A fire alarm can be either hard-wired or battery-powered but cannot work without power. Different types of fire alarm systems operate differently based on their structural framework. This article discusses everything you need to know about fire alarm systems including how they work, different types, and available powering mechanisms.
How Do Fire Alarm Systems Work?
A secondary power supply system is also installed to keep your system alert during a power outage. It can be made up of automatic generators, lead-acid storage batteries, or other emergency power sources. Initiating devices can be activated either manually or automatically depending on the setup. Audio devices or flashing strobe lights are notification appliances alert people to an emergency to assist them in safety. EVACS may produce verbal commands during an emergency to provide specific instructions on how the occupants should leave the building.
Classifications of Fire Alarm Systems
- Automatic and Manual Fire Alarm Systems
Devices that respond to physical changes in the building initiate this type of alarm system automatically. It is capable of detecting smoke, heat, or carbon monoxide, which are possible indicators of a potential fire. Manual fire alarm systems are initiated using manual pull stations or call points located near exits. However, there is no reason to exclude automatic or manual initiating devices from a fire alarm system.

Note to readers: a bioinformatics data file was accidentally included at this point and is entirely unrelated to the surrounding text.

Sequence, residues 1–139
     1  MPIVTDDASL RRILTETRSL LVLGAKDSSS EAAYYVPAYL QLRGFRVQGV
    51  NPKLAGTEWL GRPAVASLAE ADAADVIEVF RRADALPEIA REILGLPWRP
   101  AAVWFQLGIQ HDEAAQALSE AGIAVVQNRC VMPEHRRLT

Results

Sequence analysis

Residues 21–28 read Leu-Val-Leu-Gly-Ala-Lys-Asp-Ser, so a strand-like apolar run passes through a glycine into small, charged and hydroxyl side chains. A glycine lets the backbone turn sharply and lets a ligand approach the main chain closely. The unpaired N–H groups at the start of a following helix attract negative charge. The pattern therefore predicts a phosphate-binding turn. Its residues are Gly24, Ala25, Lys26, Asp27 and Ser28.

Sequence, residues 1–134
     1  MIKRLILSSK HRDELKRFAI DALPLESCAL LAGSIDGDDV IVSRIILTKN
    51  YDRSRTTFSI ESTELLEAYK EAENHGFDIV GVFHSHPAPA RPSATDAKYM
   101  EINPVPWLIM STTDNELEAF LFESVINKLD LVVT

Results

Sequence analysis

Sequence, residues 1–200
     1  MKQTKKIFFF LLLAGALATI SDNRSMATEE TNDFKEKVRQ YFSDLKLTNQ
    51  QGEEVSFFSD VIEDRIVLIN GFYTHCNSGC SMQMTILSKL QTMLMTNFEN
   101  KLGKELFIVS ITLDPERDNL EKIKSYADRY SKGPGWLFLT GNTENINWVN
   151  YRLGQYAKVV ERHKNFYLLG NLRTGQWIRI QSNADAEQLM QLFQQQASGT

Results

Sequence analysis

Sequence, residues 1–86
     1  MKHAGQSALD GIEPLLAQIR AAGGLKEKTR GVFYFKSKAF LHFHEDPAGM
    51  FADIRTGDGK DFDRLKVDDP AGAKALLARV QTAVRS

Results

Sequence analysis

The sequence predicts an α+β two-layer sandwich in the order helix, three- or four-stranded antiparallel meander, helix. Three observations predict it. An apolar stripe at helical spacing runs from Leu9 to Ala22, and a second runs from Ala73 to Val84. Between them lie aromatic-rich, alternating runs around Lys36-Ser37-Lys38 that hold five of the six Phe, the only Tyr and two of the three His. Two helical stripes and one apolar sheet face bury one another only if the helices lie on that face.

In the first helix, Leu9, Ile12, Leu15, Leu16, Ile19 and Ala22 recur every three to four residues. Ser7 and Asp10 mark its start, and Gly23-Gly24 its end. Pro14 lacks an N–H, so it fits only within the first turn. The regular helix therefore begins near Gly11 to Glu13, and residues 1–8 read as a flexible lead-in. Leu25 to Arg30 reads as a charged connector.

- Conventional and Addressable Fire Alarm Systems
Conventional fire alarms operate as a single unit in a building. This means that they cannot detect the exact location where possible smoke or fire has been detected unless it is inspected. However, addressable fire alarms are designed with an exclusive address for every alarm detector linked to the control panel. This setup allows the staff or fire personnel to identify the exact location of the danger.
- One-Stage and Two-Stage Fire Alarm Systems
This type of fire alarm system is designed to alert the occupants in a building about potential smoke or fire. This means that once the sensor alarm has been triggered, everyone will be notified at the same time of possible danger through emergency audio devices or flashing strobe lights. However, a two-stage fire alarm system alert only authorized personnel to take action before alerting everyone in the building about an emergency.
Hardwired vs. Wireless Fire Alarms
A fire alarm system needs to be connected to a power source since most sensors and other system components rely on it to function properly. For this reason, a fire alarm system can be hardwired to your home’s power supply or connected to a battery. Wireless fire alarms systems are battery-powered and can be installed in a matter of minutes. However, you need to replace the batteries more often to keep the system operational, as it is their only source of power.
Hardwired fire alarm systems are installed by a professional electrician and connected to the main power grid of the building. They continue to operate normally unless there is a power outage. However, most hardwired fire alarm systems are usually connected to an emergency power source such as an automatic generator or lead-acid storage batteries to provide backup during power outages. This makes them more efficient than battery-powered fire alarms, which only rely on batteries as their only source of power. The alarm may sound dull as batteries weaken, so you may have to replace them more often for the system to be effective.
Fire alarms and smoke detectors have become life-safety systems that allow people to take action during emergencies like potential fire in the building. Regardless of the style or design of a fire alarm system, it is dependent on a source of power for the sensors and other integral parts of the system to execute the necessary functions.